Gunpowder defeated armor, and the knights went away.
Today, for the first time in centuries, in both the military and law enforcement communities, we have warriors who don armor every day, take up their shields, strap on their weapons, and go forth to do good deeds.
If that is not a knight, if that is not a paladin, a new order of chivalry, then you tell me what is.
The knights of old are somewhat mythical, but these new knights are real and are embodying the spirit of the ancient model of the knight paladin, the champion of the weak and the oppressed, dedicated to righteousness and justice.
Here's the deal with being a hero: Being a hero means that you accept personal risk -- including that of death -- to protect the weak and innocent. A police officer who delays shooting to make certain of his target, accepting some personal risk in doing so, is acting heroically.
If you suit up in armor, grab an assault rifle, and stand a post with a primary interest of earning a fat paycheck and no intention of accepting any unnecessary risk, there's a word for that career choice too: mercenary. It comes from the Latin word meaning, "for wages" or "for pay." That is ok, and not all cops are mercenary in their attitudes, but let's be honest about what is going on in such cases (see "accountability" above).
Fact check time: In the decade from 2002 to 2011, 1561 officers died . If you remove car wrecks, motorcycle crashes, illnesses, and aircraft accidents to focus on violent death (and the uncommon accidents like "train accidents") you get around 800 deaths, or 80 per year. Out of 900,000 sworn officers, that means the violent death rate is less than 9 per 100,000 each year, and declining.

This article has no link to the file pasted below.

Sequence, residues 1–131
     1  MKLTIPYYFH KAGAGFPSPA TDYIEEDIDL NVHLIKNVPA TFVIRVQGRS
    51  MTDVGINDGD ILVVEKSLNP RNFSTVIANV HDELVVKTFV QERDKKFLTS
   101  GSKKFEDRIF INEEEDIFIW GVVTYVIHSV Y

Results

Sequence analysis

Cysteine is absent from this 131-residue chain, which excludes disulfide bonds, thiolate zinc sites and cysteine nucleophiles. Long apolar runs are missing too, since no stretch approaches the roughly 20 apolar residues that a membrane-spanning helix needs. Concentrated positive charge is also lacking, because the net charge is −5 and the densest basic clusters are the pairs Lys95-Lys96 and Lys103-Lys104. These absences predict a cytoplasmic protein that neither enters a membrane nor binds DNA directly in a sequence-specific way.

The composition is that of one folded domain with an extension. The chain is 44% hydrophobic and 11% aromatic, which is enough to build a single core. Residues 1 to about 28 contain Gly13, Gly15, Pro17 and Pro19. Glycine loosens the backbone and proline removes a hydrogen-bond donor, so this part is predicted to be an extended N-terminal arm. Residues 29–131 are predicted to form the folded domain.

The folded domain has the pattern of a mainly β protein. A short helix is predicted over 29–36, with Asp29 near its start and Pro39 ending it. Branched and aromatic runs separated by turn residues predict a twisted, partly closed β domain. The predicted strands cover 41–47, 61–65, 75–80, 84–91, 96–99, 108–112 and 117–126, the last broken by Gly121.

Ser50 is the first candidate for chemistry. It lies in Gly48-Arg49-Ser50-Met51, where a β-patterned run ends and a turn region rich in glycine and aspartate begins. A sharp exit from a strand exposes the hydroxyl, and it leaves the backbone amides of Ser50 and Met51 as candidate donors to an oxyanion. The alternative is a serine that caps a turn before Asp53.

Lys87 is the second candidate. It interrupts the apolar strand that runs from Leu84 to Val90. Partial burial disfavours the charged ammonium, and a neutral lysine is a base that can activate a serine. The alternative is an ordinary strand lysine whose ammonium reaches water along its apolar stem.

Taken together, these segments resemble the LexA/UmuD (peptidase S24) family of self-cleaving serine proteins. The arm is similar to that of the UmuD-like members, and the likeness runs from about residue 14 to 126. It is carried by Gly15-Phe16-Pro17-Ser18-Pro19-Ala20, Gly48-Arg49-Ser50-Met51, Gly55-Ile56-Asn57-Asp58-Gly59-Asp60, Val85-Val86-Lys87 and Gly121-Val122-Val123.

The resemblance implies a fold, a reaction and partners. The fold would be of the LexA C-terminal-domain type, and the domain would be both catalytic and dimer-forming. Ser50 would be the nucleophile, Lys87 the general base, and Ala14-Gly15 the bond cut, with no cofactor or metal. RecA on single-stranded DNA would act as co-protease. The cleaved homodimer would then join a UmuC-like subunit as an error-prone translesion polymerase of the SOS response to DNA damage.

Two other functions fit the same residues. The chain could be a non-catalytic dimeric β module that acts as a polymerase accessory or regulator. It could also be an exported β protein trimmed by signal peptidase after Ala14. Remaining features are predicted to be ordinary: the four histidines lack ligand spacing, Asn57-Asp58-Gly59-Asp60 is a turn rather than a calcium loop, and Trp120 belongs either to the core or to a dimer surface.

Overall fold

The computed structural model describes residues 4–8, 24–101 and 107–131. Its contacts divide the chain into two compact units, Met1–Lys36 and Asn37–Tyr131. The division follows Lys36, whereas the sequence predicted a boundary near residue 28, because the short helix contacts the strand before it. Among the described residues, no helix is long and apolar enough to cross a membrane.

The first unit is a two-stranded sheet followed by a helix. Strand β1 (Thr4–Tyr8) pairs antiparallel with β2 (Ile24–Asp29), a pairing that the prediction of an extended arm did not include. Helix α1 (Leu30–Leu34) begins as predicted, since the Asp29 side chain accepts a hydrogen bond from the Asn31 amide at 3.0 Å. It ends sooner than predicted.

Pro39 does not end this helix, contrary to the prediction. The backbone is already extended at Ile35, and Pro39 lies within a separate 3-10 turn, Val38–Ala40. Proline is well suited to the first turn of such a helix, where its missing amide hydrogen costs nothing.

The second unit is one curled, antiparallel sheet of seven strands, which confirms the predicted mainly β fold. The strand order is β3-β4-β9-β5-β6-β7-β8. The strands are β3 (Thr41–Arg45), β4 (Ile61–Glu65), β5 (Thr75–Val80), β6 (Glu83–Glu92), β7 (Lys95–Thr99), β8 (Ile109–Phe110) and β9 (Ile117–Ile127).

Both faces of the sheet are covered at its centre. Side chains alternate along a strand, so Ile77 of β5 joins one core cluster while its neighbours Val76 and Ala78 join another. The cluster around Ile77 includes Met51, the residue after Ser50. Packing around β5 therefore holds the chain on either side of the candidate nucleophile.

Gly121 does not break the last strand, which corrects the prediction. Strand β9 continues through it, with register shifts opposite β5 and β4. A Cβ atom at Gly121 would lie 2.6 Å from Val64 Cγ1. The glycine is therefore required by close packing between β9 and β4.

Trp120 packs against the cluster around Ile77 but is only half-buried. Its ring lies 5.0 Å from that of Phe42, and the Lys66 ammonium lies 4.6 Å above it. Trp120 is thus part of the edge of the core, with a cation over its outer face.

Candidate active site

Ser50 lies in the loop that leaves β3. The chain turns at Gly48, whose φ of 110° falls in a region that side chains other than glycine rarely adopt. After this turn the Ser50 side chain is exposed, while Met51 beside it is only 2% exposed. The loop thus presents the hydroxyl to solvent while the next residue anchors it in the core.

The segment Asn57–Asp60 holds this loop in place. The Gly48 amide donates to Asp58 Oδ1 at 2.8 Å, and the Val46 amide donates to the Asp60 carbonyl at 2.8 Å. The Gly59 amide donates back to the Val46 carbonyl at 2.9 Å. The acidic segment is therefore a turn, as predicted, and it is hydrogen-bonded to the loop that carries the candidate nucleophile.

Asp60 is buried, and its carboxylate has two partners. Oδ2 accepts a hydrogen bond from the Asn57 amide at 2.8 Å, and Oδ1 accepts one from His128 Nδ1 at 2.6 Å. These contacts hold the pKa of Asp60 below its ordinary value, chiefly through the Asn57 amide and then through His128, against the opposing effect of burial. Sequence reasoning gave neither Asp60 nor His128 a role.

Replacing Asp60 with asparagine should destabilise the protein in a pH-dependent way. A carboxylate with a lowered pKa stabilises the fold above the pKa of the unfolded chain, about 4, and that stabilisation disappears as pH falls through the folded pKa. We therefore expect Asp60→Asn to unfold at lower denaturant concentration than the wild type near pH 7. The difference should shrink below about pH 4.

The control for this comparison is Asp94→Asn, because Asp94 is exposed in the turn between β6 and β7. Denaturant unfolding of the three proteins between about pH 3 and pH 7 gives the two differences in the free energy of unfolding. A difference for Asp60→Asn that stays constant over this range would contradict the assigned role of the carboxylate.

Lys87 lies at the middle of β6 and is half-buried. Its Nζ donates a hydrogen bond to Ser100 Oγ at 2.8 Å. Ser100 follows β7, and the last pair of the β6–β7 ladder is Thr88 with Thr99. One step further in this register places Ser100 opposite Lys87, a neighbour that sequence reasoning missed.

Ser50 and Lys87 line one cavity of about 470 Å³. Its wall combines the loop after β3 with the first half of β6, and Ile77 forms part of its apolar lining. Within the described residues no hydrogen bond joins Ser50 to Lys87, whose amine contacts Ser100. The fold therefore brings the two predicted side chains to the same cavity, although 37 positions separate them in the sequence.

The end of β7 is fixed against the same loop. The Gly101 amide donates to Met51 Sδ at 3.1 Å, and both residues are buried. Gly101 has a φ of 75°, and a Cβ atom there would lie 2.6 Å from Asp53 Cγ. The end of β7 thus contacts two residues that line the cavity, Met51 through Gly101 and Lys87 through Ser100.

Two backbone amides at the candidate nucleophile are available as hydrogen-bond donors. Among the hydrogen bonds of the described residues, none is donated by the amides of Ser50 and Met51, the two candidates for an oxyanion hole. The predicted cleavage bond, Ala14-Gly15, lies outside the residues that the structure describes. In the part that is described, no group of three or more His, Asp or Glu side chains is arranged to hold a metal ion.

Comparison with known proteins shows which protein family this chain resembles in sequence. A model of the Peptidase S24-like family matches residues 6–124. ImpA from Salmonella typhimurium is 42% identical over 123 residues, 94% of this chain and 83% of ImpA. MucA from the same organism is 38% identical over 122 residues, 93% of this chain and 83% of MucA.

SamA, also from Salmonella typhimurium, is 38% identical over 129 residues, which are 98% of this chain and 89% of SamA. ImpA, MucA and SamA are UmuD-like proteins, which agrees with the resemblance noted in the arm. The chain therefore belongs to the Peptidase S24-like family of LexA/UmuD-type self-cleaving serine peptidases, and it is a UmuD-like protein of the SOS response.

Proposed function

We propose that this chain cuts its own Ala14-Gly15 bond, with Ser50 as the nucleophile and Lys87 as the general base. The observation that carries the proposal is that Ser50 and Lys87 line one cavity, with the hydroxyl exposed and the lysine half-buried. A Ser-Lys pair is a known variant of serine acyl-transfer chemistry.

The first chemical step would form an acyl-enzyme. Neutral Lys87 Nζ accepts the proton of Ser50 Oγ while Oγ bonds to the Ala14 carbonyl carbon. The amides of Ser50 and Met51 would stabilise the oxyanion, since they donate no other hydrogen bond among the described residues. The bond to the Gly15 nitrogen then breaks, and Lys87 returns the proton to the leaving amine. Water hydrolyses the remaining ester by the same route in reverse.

Professions with higher death rates include taxi drivers (19.7/100K), electric line repair workers (20.3/100K), garbage men (41.2/100K), and fishermen (121.2/100K). Yes, LEO work is more dangerous than many jobs, but it is not anywhere near as likely to kill you, as, say, farming, logging, trucking, or construction. Modern equipment including body armor and trauma care along with generally falling crime rates and better training have greatly reduced the risks of the LE profession. So I am a little suspicious when "officer safety" trumps all other considerations.
I want police officers to come home at night to their families. They should not accept unnecessary risks. When military soldiers overseas operate under tighter ROEs with more discipline than our paramilitary police forces at home do, then there is a problem. When a paramilitary institution refuses or is unable to hold its own responsible for their actions and maintains standards vastly differing from those imposed on the rest of the community, then accountability needs to be imposed from outside the organization. When "officer safety" trumps all else, including the safety of the community and the protection of innocent life, law enforcement professionals are acting more like mercenaries than paladins.
I don't mean to belittle the difficult life and death decisions that LEOs must rapidly make. It is precisely because those decisions are so important that cultivating a culture of accountability, sound TTPs, and self-sacrifice is so important. It is not easy to make tough calls under pressure, but that comes with the job.
I hope that the actions of police in California serve as a learning point for other agencies and a wake up call for the public, helping to move us back to Principles of Good Policing. Ultimately, accountability, sound procedures, and heroism are good for the police and for society.